The introduction of a bill by the Ontario government that would make tendering on publicly-funded construction contracts open to all qualified companies is drawing mixed reviews from the construction industry, with both sides agreeing it all comes down to one issue: fairness.
“It will be a game changer for fairness in Ontario’s construction industry and will ensure that all qualified companies and workers, regardless of their labour affiliation or lack thereof, can bid on these jobs,” said Sean Reid, vice-president and regional director of Ontario, for the Progressive Contractors Association of Canada (PCA).
“It’s about ensuring that every person who pays taxes into public infrastructure has the right, if they’re qualified, to work on those projects. That’s what this bill does.”
If passed, Bill 66, Restoring Ontario’s Competitiveness Act, would amend the Labour Relations Act and deem public bodies including municipalities, school boards, hospitals, colleges and universities as non-construction employers.
For years, certain public sector entities, including the Region of Waterloo and cities of Hamilton, Toronto and Sault Ste. Marie have been considered construction employers, which means they are restricted to accepting bids for infrastructure projects from certain unions they are affiliated with.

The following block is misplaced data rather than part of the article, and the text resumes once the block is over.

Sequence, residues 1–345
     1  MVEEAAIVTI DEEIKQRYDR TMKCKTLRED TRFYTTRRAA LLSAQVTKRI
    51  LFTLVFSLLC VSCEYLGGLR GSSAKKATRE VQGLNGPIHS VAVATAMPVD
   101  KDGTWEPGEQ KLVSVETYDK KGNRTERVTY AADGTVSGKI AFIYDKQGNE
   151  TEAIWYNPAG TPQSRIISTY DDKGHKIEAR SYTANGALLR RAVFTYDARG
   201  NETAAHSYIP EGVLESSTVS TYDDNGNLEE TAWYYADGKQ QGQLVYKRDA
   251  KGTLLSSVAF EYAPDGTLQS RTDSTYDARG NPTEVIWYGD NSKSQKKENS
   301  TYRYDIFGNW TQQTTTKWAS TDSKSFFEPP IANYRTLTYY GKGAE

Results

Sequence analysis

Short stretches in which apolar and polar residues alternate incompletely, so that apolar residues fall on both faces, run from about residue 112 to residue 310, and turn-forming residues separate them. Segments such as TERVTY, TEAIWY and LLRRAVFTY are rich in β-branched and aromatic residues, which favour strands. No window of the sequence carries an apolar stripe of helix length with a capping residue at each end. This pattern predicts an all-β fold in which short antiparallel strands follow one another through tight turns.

Mike Yorke, president and director of public affairs for the Carpenters’ District Council of Ontario, says the government is “attacking ordinary construction workers and their basic rights” as parts of the bill will eliminate construction bargaining rights and existing, long standing collective agreements. The council is calling on Premier Doug Ford and the government to take action and reverse that.
“Our members are working for different employers that would fall under this legislative change. We’re extremely concerned about their livelihood and the fact that their bargaining rights are now proposed to be stripped away without any consultation at all,” said Yorke.
“We certainly weren’t brought into this process at all. It came as a complete surprise. We were not asked our opinion about it and did not have the opportunity to have input at all. We believe that is a shortcoming in the legislation right up front, that there was no collaboration, no discussion with the broader industry on this. We certainly want an opportunity to contest it in a free and open debate.”
“The current laws concerning these types of employers and their relations with construction unions were put in place by the last Conservative Premier, Mike Harris, but even they apparently do not go far enough for Doug Ford.”
Yorke said the council will continue to fight, even if it means going beyond the labour board.
“The Supreme Court of Canada has made clear that the right to collective bargaining is protected by the Canadian Charter of Rights and Freedoms. If we have to go all the way to the Supreme Court in Ottawa to make Premier Ford’s government recognize this, then that is exactly what we are going to do,” he said.